Ukraine counterattack a turning point? Conflict likely to be prolonged with the support of the West: experts
Published: Sep 12, 2022 11:54 PM
Humanatarian aid distributed to citizens after Ukrainian army regained control over the town of Balakliya in the Kharkiv region on September 11, 2022. Photo: VCG

Humanatarian aid is distributed to local people after Ukrainian army regained control over the town of Balakliya in the Kharkiv region on September 11, 2022. Photo: VCG

While some Western media outlets applaud Ukrainian forces for regaining control over some major cities in the northeastern region of Kharkiv and have described the territorial gains as a "turning point" in the Russia-Ukraine conflict that has lasted for half a year, some Chinese experts said it is still too early to predict a complete Ukrainian victory despite the successful tactical counterattack. 

This counterattack does not mean that Russian troops will continue losing ground, especially when the Russian military aims to regroup in the Donetsk direction, some experts said. They pointed out that there is still a huge gap between Russia and Ukraine in terms of national and military strength and the current gains are still far from being able to pressure Moscow to surrender. With the support of the West, the Ukraine conflict is likely to be prolonged.

The Russian Defense Ministry confirmed the withdrawal of troops from multiple locations across Ukraine's Kharkiv region, RT reported on Saturday amid the Ukrainian offensive.  

"In order to achieve the goals of the special military operation, a decision was made to regroup troops in the areas of Balakleya and Izyum in order to build up efforts in the Donetsk direction," the Russian military was quoted as saying on Saturday in the media report.

The announcement was made as some Western media such as CNN described the last week as a "stunning transformation of the battlefield in eastern Ukraine," as Ukrainian forces claimed they had recaptured more than 3,000 square kilometers of territory - most of the territory that Russian forces has had in their operations since April. 

The Economist ran an article asking "Is Russia on the run?" as Ukraine's Kharkiv counter-offensive "has the Kremlin on the back foot." Ukraine's surprise counteroffensive, which began on September 6, continues to overwhelm Russian defenses in the country's northeastern region, the magazine said.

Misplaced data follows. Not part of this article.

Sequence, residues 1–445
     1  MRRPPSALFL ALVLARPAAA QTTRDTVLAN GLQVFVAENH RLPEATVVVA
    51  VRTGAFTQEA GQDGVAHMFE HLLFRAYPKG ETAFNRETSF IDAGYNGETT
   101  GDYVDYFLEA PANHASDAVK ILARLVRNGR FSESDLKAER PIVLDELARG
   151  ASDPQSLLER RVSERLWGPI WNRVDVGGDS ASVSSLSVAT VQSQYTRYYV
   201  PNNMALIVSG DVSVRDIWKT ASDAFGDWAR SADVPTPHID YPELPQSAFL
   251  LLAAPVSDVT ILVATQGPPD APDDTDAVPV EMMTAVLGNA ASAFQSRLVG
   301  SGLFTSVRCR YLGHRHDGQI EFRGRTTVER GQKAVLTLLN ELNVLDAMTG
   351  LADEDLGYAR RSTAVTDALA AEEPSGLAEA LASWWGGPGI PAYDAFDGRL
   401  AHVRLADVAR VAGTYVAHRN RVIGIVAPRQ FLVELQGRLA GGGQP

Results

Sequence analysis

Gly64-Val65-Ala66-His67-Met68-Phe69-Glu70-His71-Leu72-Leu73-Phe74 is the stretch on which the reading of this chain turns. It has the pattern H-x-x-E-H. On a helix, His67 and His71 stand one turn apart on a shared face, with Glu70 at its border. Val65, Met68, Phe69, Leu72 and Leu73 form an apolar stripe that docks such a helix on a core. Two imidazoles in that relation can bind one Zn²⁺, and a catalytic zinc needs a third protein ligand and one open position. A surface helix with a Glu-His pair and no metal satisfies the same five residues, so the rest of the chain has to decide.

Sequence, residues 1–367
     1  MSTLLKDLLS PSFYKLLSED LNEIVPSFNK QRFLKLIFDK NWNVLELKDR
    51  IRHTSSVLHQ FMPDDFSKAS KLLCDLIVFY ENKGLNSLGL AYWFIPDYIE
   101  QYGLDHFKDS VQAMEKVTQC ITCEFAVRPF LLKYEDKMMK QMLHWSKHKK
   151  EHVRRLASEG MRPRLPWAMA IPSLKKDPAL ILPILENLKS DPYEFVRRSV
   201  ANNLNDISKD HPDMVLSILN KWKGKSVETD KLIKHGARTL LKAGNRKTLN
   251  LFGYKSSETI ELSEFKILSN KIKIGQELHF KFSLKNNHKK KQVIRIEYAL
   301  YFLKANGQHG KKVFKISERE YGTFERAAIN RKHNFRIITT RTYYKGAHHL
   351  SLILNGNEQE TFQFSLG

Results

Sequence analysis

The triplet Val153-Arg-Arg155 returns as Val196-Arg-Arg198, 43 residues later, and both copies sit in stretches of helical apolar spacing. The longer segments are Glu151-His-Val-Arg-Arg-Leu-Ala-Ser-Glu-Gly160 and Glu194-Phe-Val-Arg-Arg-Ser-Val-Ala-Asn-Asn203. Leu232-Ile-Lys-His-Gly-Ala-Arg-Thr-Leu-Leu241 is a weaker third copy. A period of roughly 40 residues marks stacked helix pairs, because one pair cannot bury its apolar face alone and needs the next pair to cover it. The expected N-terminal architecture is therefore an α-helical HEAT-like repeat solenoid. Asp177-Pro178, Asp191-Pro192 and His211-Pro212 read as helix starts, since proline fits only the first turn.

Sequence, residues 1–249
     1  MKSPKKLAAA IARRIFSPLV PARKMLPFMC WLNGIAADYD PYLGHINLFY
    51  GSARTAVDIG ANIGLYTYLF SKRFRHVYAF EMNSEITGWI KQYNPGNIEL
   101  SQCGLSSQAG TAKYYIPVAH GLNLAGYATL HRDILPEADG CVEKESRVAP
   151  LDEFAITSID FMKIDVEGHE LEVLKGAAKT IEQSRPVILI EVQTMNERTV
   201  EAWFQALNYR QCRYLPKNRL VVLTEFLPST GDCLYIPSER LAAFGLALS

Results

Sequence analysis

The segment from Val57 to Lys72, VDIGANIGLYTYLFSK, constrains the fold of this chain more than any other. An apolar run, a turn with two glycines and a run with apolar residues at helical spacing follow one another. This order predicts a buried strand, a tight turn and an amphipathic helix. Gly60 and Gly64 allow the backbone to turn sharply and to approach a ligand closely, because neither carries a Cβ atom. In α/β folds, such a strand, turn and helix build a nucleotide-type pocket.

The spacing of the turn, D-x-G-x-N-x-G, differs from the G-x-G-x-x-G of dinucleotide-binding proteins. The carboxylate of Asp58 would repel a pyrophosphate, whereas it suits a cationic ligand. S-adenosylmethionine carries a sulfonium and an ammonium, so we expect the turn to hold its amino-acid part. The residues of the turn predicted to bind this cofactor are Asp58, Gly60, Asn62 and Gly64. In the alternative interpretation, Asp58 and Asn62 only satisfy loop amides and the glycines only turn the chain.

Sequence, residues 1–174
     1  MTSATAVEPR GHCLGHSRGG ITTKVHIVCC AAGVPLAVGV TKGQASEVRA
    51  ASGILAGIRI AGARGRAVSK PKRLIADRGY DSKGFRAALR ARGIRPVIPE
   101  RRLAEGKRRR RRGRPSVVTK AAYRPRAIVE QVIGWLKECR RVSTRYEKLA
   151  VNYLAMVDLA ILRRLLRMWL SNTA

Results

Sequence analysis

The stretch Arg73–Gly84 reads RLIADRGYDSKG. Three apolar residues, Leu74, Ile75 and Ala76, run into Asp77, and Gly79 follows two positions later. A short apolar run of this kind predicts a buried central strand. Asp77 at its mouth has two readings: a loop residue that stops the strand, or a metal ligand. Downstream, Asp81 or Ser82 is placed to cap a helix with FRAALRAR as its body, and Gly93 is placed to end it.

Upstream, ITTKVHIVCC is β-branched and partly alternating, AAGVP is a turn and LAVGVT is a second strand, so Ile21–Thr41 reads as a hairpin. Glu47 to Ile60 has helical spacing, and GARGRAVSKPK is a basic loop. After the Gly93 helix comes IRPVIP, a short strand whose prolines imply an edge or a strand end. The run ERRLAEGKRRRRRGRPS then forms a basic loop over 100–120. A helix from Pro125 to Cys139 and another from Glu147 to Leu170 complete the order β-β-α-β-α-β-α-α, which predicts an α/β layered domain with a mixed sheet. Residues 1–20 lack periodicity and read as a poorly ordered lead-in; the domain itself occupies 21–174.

The Atlantic also ran a headline suggesting "It's time to prepare for a Ukrainian victory," saying that the biggest shock is not Ukraine's tactics but Russia's response, as the Russian troops are not fighting back. 

"The Ukraine troops staged a successful counterattack as they grasped the lack of Russian troops on the Kharkiv front, but it's only meaningful at a tactical level rather than for the whole conflict," Cui Heng, an assistant research fellow from the Center for Russian Studies of East China Normal University, told the Global Times on Monday. 

The Kharkiv front is close to the Russian border, and even if Ukrainian troops recaptured some lost territories there, they can no longer attack Russian soil. If the Ukrainian army attacks Russian land, it will push the Kremlin to mobilize conscripts fight, thus completely solving the shortage of contract soldiers, Cui said. 

"It's too early to say the latest development is a turning point [for the Russia-Ukraine conflict]," he said. 

The Russian military said troops stationed in the area have been "re-deployed" over the past three days into the territory of the "Donetsk People's Republic," and in order to prevent "damage to Russian troops," the military has been subjecting Ukrainian units in the area to "powerful" artillery, missile and aircraft attacks, the ministry said, according to the Russian media report. 

"For Ukraine, its goal is pretty clear as it aims to recapture not only Kharkiv but also the Donbas region and Crimea, but those places are strategically meaningful for Russia," a Beijing-based expert on international affairs who preferred not to be named told the Global Times on Monday. 

The expert believes that the completely contradictory strategic goals of the two countries will make this conflict last much longer.